Ann Starr is the founder of Upper Hand Press and the author of Sounding Our Depths: The Music of Morgan Powell. Starr is also the author of the online Starr Review
, in which she has presented and discussed contemporary fine art and music since 2011.
For twenty years, Starr was active as a fine artist who showed nationally
. Her interests as a painter and book artist introduced her to the world of medical humanities, where she became a frequent lecturer in medical schools, medical humanities and art history conferences.
Motherhood and domesticity have been major influences on Starr's point of view, as have been opportunities to work in race relations and to travel, especially in England and Senegal.
Margaret Hawkins is a writer, critic and educator. She is the author of three novels: A Year of Cats and Dogs
, How to Survive a Natural Disaster
(both published by Permanent Press), and Lydia's Party
(Viking Press, to be released by Penguin in paperback in 2015). She's also written a memoir: How We Got Barb Back: the Story of My Sister's Reawakening after 30 Years of Schizophrenia
Hawkins wrote a column about art for the Chicago-Sun-Times for twenty years and currently teaches in the New Arts Journalism program at the School of the Art Institute of Chicago. She received an MFA in painting from the University of North Carolina.
Maggie Kast's debut novel, A Free Unsullied Land
, is forthcoming from Fomite Press on November 1, 2015. Her first book, The Crack between the Worlds: A Dancer's Memoir of Loss, Faith and Family
, was published by Wipf and Stock. Maggie received an M.F.A. in writing from Vermont College of Fine Arts and has published fiction in The Sun, Nimrod, Rosebud, Paper Street and others. Her essays have appeared in America, Image, Writer's Chronicle and elsewhere, and a chapter of her memoir won a Literary Award from the Illinois Arts Council and a Pushcart nomination. An essay on symbols in Numero Cinq is currently available online by clicking here
. Maggie understands that independent publishing has never been more important than it is today, and we are delighted she is a part of Upper Hand Press.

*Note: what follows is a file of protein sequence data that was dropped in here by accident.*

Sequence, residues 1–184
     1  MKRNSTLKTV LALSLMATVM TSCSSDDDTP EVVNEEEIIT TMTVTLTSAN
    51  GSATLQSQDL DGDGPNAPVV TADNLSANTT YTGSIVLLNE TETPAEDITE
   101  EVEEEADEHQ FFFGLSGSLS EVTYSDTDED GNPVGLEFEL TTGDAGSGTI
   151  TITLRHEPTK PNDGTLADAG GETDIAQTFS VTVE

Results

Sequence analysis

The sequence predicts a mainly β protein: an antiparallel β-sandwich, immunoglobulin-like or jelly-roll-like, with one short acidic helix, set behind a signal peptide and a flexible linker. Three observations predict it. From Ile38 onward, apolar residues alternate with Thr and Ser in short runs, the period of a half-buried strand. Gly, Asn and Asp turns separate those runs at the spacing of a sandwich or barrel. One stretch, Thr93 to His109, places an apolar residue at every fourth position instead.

Christine Grimaldi is a writer in Washington, D.C. In 2014, she published a widely shared feature story in Slate on straight spouses--straight men and women who used to be married to gay partners. She has also written about the language of sexual assault for DAME Magazine; her tough-guy dad, "Brooklyn Tommy," for The Toast; schadenfreude for The Morning News; and on a range of topics for other publications. A complete list of her published work is available on her website. When Christine isn't writing, she edits nonfiction book proposals as well as nonfiction and fiction manuscripts. She has an MA in nonfiction writing from Johns Hopkins University.
Anna Sequoia is the author of ten non-fiction books, including the animal rights classic 67 Ways to Save the Animals (HarperPerennial), and the best-selling humor book, The Official J.A.P. Handbook (N.A.L.). Anna was a fiction reader for Atheneum Publishers and Charterhouse Books, a non-fiction reviewer for Publishers Weekly, and later reviewed both fiction and non-fiction for New Times magazine. A former co-chair of the Publishing Triangle, Anna was a charter member of the National Book Critics Circle. She was most recently Senior Creative Director for Product Promotion at Publishers Clearing House. Photo credit: Ray Ewing
Tina ToccoTina Tocco's work has appeared in Roanoke Review, Crab Creek Review, Harpur Palate, Passages North, Potomac Review, Portland Review, Fiction Fix, and other publications. She was a finalist in CALYX's 2013 Flash Fiction Contest and an honorable mention in the River Styx 2015 Schlafly Beer Micro-Brew Micro-Fiction Contest. Tina's poetry appears in the anthology Wild Dreams: The Best of Italian Americana (Fordham University Press, 2008). She earned her MFA from Manhattanville College, where she was editor-in-chief of Inkwell. Tina spends a lot of her time writing for children, watching sci-fi and British dramas, and fantasizing about living in rural New England.